Nigeria’s Senate President, Dr Bukola Saraki Yesterday said President Mohammadu Buhari did not get clearance from National Assembly leadership before going ahead to give approval for the purchase of $1bn Arms procurement to execute the trouble befalling the nation’s internal security specifically in the northeast.
President Muhammadu Buhari through the Minister of Defence, Mansur Dan Ali, had last week, said, Buhari gave approval for the purchase of equipment for the military to the tune of $1 billion. Saraki also said that the leadership of the National Assembly was not aware of the plan by the executive to get N4.2 billion bonds until the President wrote to the Senate and the House of Representatives seeking approval for the issuance of a promissory note to offset inherited local debts.
Buhari had, in the letters, said that his administration inherited by debt, just as he said that the decision to seek the approval of the National Assembly by the Federal Executive Council, FEC, was in line with the provisions of the Fiscal Responsibility Act. The Senate President, however, attributed the delay in the process of budget passage and addressing issues of security challenges in the country as well as other national issues to what he described as avoidable friction between the executive and legislative arms of government.
Declaring open, yesterday, in Jos, Senate Press Corps Retreat, the Senate President who warned that the executive could not do it alone, said that if Nigeria truly wants democracy, it was imperative that the legislative arm must be strengthened at all levels of government. Saraki noted that institutions are not built on individuals but on institutions, just as he stressed that until such a psyche was removed in our environment, the nation’s democracy will continue to be threatened.
These are the issues we are talking about.” Arguing that the friction between the two arms of government goes beyond party affiliations the Senate President said: “Even during the last administration of President Goodluck Jonathan when PDP was in charge of the executive and the legislature, there were frictions.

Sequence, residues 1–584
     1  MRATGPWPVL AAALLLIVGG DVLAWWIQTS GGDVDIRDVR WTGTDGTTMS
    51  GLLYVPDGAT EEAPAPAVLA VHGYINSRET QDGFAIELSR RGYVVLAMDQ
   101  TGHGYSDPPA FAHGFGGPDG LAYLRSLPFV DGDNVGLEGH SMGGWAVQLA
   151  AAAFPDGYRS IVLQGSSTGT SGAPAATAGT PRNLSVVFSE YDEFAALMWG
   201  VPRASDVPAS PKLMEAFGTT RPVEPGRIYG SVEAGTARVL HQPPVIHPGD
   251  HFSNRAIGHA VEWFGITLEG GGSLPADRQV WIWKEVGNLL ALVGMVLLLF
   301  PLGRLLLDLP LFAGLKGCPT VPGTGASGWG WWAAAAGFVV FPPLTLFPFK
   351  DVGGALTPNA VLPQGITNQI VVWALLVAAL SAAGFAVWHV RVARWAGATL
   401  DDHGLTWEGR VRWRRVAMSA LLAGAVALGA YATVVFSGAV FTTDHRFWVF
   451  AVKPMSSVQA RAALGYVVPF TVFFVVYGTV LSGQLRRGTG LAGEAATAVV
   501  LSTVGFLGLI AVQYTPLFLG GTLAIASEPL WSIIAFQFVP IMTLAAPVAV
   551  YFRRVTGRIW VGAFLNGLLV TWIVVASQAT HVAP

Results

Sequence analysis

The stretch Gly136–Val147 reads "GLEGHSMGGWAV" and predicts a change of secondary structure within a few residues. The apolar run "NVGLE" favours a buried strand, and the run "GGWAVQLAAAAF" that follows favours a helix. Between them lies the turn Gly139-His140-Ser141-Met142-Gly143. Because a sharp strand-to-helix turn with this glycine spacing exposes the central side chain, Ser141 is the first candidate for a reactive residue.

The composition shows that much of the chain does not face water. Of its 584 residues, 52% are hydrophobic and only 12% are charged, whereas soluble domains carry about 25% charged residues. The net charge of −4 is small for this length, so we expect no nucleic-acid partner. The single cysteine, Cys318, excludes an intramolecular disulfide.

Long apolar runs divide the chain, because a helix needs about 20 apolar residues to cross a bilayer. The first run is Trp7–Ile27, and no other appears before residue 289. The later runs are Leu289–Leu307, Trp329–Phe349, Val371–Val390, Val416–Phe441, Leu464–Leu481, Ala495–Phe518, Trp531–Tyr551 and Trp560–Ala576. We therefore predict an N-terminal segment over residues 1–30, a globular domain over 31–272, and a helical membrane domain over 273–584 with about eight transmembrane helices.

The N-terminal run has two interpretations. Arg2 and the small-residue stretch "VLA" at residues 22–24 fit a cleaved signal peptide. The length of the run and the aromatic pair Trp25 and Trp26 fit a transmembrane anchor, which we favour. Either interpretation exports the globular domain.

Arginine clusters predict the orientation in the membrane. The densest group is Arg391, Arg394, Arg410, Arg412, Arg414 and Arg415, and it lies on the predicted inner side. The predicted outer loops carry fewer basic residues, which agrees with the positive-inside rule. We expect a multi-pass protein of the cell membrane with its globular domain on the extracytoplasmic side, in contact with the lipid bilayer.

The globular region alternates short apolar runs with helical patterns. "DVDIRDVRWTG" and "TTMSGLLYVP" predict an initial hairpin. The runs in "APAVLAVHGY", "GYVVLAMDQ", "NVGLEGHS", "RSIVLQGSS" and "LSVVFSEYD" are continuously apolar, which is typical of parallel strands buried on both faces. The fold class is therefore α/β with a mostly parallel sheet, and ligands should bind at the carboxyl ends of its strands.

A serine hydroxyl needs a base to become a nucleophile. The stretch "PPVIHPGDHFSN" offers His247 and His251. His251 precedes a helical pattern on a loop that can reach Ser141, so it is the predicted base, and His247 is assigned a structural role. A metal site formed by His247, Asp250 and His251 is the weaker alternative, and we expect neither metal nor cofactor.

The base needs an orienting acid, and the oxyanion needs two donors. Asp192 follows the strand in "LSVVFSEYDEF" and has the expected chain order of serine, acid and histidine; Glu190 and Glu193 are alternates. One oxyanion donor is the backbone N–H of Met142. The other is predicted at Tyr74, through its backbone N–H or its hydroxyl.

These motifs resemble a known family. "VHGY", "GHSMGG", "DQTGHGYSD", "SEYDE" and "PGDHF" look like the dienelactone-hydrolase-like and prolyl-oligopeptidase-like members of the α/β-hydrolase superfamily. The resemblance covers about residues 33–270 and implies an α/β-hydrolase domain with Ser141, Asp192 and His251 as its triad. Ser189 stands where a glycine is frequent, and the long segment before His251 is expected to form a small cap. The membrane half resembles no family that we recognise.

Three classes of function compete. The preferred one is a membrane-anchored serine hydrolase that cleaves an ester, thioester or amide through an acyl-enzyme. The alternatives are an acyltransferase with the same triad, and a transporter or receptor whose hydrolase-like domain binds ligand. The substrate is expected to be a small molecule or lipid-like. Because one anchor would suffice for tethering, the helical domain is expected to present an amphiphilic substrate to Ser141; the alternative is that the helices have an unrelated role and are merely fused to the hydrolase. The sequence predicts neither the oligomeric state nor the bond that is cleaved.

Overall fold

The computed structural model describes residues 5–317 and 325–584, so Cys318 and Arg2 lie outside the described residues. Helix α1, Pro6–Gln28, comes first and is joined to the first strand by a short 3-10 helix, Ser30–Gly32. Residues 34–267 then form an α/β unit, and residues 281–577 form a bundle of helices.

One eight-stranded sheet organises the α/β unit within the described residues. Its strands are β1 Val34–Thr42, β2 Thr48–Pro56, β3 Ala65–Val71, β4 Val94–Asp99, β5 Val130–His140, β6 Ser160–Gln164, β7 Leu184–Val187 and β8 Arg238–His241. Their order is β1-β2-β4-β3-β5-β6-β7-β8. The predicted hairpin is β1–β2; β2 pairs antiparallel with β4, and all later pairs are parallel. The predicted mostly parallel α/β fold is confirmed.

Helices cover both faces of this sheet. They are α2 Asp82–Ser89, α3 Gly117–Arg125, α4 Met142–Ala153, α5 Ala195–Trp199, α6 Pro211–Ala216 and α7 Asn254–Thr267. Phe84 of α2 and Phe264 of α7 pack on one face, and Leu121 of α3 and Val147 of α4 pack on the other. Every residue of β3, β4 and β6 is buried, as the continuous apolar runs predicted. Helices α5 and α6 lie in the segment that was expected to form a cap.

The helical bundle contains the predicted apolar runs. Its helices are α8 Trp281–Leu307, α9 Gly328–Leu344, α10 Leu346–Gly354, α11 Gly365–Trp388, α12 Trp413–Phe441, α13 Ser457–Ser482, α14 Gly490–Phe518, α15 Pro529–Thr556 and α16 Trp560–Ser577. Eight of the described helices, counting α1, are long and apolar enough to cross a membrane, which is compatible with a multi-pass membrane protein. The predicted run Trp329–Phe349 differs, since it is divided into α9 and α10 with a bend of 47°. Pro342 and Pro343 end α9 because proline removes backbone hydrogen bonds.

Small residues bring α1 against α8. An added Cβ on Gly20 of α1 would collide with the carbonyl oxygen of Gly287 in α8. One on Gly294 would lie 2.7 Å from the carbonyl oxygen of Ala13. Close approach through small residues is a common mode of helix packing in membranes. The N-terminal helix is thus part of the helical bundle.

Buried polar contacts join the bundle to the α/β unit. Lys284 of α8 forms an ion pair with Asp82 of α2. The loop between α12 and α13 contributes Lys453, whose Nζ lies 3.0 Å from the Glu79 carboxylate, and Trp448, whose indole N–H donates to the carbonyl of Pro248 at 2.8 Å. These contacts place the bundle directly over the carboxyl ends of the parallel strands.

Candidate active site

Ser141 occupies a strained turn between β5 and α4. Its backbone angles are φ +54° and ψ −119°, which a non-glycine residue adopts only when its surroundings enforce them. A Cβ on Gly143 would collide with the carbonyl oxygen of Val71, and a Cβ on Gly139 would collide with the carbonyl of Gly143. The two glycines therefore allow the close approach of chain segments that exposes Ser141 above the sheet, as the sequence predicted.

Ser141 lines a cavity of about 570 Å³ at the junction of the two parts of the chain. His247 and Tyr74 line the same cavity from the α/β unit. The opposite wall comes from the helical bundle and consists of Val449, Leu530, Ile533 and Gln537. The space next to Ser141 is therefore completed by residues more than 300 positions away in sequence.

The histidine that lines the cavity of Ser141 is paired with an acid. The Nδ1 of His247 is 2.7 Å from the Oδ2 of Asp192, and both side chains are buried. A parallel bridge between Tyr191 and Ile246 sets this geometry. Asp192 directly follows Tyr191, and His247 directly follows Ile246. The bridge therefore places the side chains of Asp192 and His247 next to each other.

Meanwhile, Shawulu, who represents Donga/Ussa/Takum/Special Area Constituency of Taraba State, said there may be serious implications, should the money go out for such purpose without approval from the legislature.
He spoke to reporters in Abuja, on the sidelines of the Second Procurement Awareness Seminar, organized by the Directorate of Procurement, Army Headquarters. He said: “I can inform you that of recent, our leader, President Muhammadu Buhari, gave approval for the purchase of more equipment for the military worth $1 billion, Dan-Ali was quoted to have said while responding to questions from newsmen on Wednesday at the State House.
“The fact of the matter is that there are processes for money coming into the federation account and for the money being used. And the point we must note too is that a lot of times, pronouncements are policy statements and the policy statements are not just executed, it’s not as if, when the announcement was made, the federation account was debited. No, it doesn’t happen that way.
“When the President says he’s going to spend money, there’s a process that is followed before the money is spent. So, I want you to understand that, it’s not as if money has gone out. “However, if money has gone out without parliamentary approval, that’s is a problem, it’s a very serious problem if the money went out without parliamentary approval.
” In his opening remarks on the occasion, Chief of Army Staff, Lt. General Tukur Buratai, said there was no gainsaying the fact that the operational capability of the Nigerian Army today depends on the availability of requisite hardware, highly trained personnel and other essential resources.
According to him, in the past few years, the Nigerian Army “has no doubt taken robust steps and put in place policies in enhancing its procurement plans and processes, with a view to meeting its constitutional roles. Buratai said the theme for this year’s seminar” Optimizing the Operational Capabilities of the Nigerian Army through an Effective Procurement System”, was quite unique and significant, especially in view of the acute need to strengthen the capacity of the Nigerian Army towards meeting the present growing security challenges.
“The security challenges facing our dear country manifest in the forms of terrorism, insurgency, separatist movements and banditry, among others,” he noted. He charged participants to reflect on the theme, bearing in mind the opportunities to enhance the Nigerian Army’s capabilities, building upon ongoing successes in view of operational commitments and improving procurement methods as well as processes in line with the provisions of the Public Procurement Act 2007.”